David Hinson serves as executive vice president and CIO for ACS member Hendrix College, a small liberal arts college in Conway, Ark. At Hendrix, blended learning and classes taught via teleconference are front and center for Hinson, and keeping the school’s infrastructure up to par with the growing number of devices brought on campus by students is a much greater priority than becoming the latest member of MOOC mania. If his spot on the “20 Rising Star CIOs” list alongside The Huffington Post’s 50 most social CIOs on Twitteris any indication, he’s also helped increase his institution’s visibility.
Shorter tenure, higher turnover among college presidents
Over three years, from July 2011 through June 2014, 16 of 36 four-year colleges and universities will have seen the exit or arrival of a president.
Harvard Business Review: CIOs Must Lead Outside of IT
The CIO paradox is a set of contradictions that lies at the heart of IT leadership. Be strategic and operational. Stay secure and boost innovation. Adopt emerging technologies, while weighed down by the past. Many CIOs have buckled under the CIO paradox, while others have managed to be effective despite it. In working with these successful CIOs over the years, I have found that they all share a common set of practices, philosophies and approaches. We are in the midst of a computing renaissance, when all CIOs will need to raise their game and master this same set of practices.
Why Mobile Web Apps Are Slow
Okay, but how does JS performance compare to native performance exactly?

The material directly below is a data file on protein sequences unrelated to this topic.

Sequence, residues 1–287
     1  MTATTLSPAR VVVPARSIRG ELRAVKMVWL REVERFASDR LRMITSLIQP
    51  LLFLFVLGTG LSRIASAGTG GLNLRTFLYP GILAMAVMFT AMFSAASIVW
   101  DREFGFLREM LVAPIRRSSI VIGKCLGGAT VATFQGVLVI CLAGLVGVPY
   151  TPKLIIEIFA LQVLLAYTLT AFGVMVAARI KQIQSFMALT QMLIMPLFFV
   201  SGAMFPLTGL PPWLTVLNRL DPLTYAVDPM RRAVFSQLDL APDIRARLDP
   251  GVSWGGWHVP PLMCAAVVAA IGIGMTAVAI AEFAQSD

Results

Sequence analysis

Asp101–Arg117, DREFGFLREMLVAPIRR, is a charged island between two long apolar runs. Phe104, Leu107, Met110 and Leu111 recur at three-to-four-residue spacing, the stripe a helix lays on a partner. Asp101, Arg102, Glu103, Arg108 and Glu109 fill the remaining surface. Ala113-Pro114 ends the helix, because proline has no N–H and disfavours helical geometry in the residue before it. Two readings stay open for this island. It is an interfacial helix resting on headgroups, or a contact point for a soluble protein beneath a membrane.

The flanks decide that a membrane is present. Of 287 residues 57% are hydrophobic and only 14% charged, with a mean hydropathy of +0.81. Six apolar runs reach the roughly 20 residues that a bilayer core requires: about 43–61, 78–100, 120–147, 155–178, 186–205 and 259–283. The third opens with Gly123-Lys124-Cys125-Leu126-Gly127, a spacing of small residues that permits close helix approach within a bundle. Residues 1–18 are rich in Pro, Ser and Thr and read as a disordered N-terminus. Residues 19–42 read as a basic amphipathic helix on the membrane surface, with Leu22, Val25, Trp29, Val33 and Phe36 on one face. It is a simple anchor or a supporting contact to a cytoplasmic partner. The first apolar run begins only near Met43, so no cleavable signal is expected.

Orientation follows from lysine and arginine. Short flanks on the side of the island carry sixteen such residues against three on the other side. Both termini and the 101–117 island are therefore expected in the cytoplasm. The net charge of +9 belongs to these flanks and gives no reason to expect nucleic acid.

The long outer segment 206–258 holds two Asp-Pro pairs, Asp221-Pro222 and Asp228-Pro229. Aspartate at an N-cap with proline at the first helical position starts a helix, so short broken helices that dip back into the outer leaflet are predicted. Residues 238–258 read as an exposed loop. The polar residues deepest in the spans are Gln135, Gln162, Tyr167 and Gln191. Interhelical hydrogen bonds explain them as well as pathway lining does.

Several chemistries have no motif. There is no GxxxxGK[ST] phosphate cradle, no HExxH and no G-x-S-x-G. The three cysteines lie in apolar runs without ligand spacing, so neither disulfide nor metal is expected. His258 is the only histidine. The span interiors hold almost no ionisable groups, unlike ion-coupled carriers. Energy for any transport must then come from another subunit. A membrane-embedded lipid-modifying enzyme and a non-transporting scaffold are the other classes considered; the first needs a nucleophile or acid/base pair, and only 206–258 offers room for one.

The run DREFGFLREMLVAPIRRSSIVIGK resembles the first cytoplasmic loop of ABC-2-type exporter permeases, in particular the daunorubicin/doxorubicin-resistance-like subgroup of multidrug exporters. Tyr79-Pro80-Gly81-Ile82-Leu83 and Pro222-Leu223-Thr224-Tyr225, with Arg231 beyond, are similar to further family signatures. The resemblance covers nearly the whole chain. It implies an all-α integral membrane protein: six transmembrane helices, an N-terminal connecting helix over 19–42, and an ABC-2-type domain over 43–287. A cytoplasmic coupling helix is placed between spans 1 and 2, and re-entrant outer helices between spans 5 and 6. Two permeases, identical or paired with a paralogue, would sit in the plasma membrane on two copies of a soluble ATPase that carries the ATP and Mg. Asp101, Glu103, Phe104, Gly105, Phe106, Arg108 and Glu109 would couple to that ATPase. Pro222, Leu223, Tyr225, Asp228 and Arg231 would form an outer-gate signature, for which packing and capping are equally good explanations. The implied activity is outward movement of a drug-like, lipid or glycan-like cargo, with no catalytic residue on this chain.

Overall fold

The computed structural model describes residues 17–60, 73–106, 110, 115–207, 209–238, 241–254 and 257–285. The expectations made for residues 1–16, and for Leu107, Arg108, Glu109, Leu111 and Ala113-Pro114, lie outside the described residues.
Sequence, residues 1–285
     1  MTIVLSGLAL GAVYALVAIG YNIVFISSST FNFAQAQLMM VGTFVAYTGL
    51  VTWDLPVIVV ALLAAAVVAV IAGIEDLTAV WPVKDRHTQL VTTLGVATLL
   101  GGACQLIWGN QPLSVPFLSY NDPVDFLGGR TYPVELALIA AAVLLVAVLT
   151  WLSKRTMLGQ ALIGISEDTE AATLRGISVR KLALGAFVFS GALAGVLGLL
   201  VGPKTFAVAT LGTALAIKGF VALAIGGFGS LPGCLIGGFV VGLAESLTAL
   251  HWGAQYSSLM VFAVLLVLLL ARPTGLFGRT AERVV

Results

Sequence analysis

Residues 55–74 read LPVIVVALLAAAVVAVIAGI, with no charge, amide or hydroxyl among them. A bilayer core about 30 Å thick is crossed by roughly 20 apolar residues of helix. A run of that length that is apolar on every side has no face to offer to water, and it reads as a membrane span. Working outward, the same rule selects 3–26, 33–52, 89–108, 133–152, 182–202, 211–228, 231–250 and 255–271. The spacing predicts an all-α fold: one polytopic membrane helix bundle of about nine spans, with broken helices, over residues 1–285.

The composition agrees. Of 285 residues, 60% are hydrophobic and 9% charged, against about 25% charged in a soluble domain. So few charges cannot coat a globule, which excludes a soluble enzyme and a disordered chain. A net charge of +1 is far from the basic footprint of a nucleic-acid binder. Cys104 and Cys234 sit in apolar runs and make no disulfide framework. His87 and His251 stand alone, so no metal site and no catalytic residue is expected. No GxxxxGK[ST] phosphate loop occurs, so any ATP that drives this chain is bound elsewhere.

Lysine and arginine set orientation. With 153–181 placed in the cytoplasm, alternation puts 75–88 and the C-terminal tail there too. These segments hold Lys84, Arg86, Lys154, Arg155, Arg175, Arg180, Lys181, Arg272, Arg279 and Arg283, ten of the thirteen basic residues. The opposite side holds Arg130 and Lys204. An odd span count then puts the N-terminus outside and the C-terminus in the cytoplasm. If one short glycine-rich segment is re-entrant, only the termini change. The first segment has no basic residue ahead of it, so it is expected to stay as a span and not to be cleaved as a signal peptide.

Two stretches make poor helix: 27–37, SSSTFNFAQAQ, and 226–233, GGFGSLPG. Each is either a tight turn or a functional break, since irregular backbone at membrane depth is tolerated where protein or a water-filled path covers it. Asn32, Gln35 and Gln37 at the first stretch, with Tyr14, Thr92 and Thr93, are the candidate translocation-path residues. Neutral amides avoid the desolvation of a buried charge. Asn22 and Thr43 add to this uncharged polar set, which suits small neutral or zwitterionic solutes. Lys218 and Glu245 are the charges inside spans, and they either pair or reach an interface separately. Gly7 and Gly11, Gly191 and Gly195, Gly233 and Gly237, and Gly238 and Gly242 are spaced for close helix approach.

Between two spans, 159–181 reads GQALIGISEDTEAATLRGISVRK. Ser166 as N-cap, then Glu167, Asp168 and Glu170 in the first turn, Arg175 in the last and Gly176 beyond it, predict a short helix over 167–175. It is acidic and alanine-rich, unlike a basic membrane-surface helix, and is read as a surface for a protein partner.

Dropbox for the Enterprise ‘Will Be Dropbox’
The market for file storage and sharing is crowded, but Dropbox seems to have the drop on Box, and others.
3 Questions With Higher Ed CIO David J. Hinson
David J. Hinson is executive vice president and chief information officer for Hendrix College, an undergraduate liberal arts college in Conway, Ark. He also has his own blog, David J. Hinson’s Logorrhea, where he talks about IT administration, particularly in a higher ed context. In addition, he is an active mobile developer who has developed commercial apps for iPhone, Android, Blackberry, and Windows Phone 7.
Liberal Arts College Expands Horizons with LifeSize
For more than 130 years, Hendrix College in Conway, Arkansas has been providing students with an intensive, well-rounded education, and US News and World Reports has consistently rated them as one of the best “up-and-coming” Liberal Arts Colleges in the country. The university is constantly looking for ways to improve the learning experience of its 1,400 students, and functions as an educational laboratory, finding ways to combine classroom education with hands-on participation. That’s why new Executive Vice President and Chief Information Officer David J. Hinson decided to add video conferencing solutions to the school’s academic arsenal.
If you have created a process intended to demonstrate how busy you are, you’re doing it wrong.
If you have created a process in order to justify why you’re going to say “no” to a request, you’re doing it wrong.
If you have created a process that benefits you, but no one else on your team, you’re doing it wrong.
If you can’t measure how much more effective your process has made your team, compared to not using your process, you’re doing it wrong.
A good process helps everyone do their job more effectively, in a shorter period of time than otherwise not using the steps required by its methodology. A great process does this, and is invisible to the constituencies that it serves.
So, if you design a work methodology that coerces people to adhere to a process that you know is meant to separate them from you, is meant to show how busy you are, or that is crafted solely for you to point at a chart on the wall and say “it’s not in this sprint”, you’re absolutely doing it wrong.
End of serving-the-methodology-rather-than-the-customer rant.